Things in the outdoors change, sometimes these changes happen slowly while other times, it may take a bit longer. Change is something we outdoor folks have to get used to and put up with, as the only thing happening in the outdoors, you can count on arriving about the same time each year would be the fall colors, like those pictured in the picture found in Spearfish Canyon in South Dakota. (Larry Myhre Photo)
No matter what you’re doing in the outdoors, there’ll be a change, something will be different each time you go out or different than it was last year.
One of the things that will change is our weather, from fall to winter on December 21st and in past years by this time, we had measurable snow cover, now for the last couple of weeks, our weather has been balmy and by noon it had warmed up enough, when you went outside, you didn’t need a coat.
Another example was a comment Team Outdoorsmen Production member Bill Christensen, Hartington, Nebraska made this morning while we were having coffee at Keith’s.
He’s an avid outdoorsman, hunting, fishing and enjoying the Great Outdoors, the guys, Marv, Jim, Gary, Tom, Bill and I were talking about what’s going on in our outdoors, Bill mentioned “there’s a lot of changes that affect the outdoors, take for instance waterfowl hunting.
Last year, out of our South Dakota blind, the guys shot numerous Canada geese and a large number of ducks as they migrated through.
This year, because it’s an open winter, with warmer temperatures, waterfowl up north doesn’t need to move south.
They will leave the water later to feed as they aren’t burning up a lot of energy during the day to stay warm, so they aren’t needing much to eat as they did when the weather is cold.
A lot of the waterfowl are still enjoying the warmer weather up north, not coming through until the lakes and ponds freeze up and the food sources are covered up.”
The strange November weather affected other things, including the deer rut, as the bucks needed a little colder weather to really get active, there were many running around, but when it’s warm and when chasing, looking for a receptive doe, they heat up quickly.
Unless they find a receptive doe and move her into its hide, it’s harder on them as they will put on a lot of miles, as well as fighting other bucks, their competition and when it’s cold, they don’t get overheated.
As predator hunters, we’ve noticed the change in coyotes and other predators, they like other critters this year, don’t have to travel through snow or fight cold weather, so they too don’t need to expend much energy to feed.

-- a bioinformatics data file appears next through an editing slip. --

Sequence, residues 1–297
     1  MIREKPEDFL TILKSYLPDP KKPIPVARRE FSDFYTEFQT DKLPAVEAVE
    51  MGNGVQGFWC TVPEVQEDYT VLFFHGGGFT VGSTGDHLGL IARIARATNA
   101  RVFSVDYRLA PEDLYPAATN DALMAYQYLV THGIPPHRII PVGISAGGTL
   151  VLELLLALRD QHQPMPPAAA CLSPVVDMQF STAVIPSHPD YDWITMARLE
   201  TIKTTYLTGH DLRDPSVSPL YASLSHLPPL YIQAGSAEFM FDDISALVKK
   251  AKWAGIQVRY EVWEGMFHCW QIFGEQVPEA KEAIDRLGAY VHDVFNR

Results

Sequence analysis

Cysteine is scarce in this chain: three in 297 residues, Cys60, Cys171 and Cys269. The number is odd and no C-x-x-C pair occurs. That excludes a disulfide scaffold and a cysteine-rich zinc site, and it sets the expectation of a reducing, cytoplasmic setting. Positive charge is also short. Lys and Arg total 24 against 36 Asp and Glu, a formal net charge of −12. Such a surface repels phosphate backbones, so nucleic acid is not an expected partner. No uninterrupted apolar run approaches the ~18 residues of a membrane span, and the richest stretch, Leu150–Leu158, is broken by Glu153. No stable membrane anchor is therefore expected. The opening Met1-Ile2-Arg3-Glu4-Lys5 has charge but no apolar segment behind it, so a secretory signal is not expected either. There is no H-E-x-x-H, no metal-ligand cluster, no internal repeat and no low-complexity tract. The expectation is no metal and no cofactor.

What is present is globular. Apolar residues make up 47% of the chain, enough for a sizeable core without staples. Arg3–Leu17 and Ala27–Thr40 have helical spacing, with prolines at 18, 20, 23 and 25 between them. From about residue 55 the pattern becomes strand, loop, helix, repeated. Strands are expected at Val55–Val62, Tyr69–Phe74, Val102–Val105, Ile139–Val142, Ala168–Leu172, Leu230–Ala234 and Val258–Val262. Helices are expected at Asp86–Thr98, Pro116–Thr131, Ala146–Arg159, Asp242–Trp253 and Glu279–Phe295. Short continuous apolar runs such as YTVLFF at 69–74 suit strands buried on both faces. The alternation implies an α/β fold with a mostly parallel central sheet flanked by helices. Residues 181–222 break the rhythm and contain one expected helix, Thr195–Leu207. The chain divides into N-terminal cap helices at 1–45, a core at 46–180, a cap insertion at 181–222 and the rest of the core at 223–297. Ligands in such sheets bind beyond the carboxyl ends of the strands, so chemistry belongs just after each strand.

In the winter, with its wind and cold weather, predators are easier to call because they need to be feed continually in order to stay warm and when they hear our distress call of a dying rabbit, they’ll make tracks towards that sound, looking for an easy meal.
Fisherman have to deal with a lot of changes, which include the weather, a dry year, drought, low and high water, and the freeze up.
All of the above-mentioned things will be a huge change the fish have to deal with, to adapt to survive the long winter,
In the Fall, before the freeze up, they’ll pig out, feeding heavily, putting on fat reserves so they can make it to spring, where they’ll spawn.
Since they’re cold blooded, as the water temperatures cool, their metabolism will slow down, and they’ll not need to feed much through the winter as they live primarily on their fat reserves.
That doesn’t mean they quit eating all together and when an easy meal shows up, a jig with a wax worm or a minnow, they’ll look it over and may take it or not.
Once we have good ice, since there is not much if any snow on the ice, ice fishermen, we need to pay attention to the amount of noise we make while going across the ice, digging our holes and when setting up, especially if you’re in shallow water.
The noise you make, the vibrations will be carried through the ice, causing a change in the water pressure and felt by the fish through their lateral line, where they may move out a distance from where they were and once the noise is at a minimum, move back in under your hole.
There are some fish, especially pan fish that may be attracted to the noise of your auger going through the ice, it’s been said that as the water turns to ice, some insects or other things may had been frozen in the ice and released as the auger breaks through, drawing the panfish toward the noise.
There are times, when a change is good, but there are also times when things need to change in the outdoors, in order to make things happen, and if they don’t appear, things in the outdoors may be held back, changes, things that happened on this date a year ago may have happened earlier or still coming.
No matter when things change, it’s a great time to be out and about, enjoying everything in the Great Outdoors, all that old Mother Nature offers us.
Gary Howey is an award-winning writer, producer, and broadcaster and inducted into the “National Freshwater Fishing Hall of Fame” in 2017. He developed and was the Producer- Host of the Outdoorsmen Adventures television series for 23 years and is the Host of the award-winning Outdoor Adventures radio program carried on Classic Hits 106.3, ESPN Sports Radio 1570 in Southeastern South Dakota, KWYR Country 93 AM and Magic 93 FM in Central South Dakota, As well as on KCHE 92.1 FM in Northwest Iowa. If you’re looking for more outdoor information, check out garyhoweysoutdoors.com, and outdoorsmenadventures.com, with more information on these pages, Gary Howey’s Facebook page, Outdoor Adventure radio and Team Outdoorsmen Productions Facebook page. The Outdoor Adventures television show is available on the MIDCO Sports Network and News Channel Nebraska.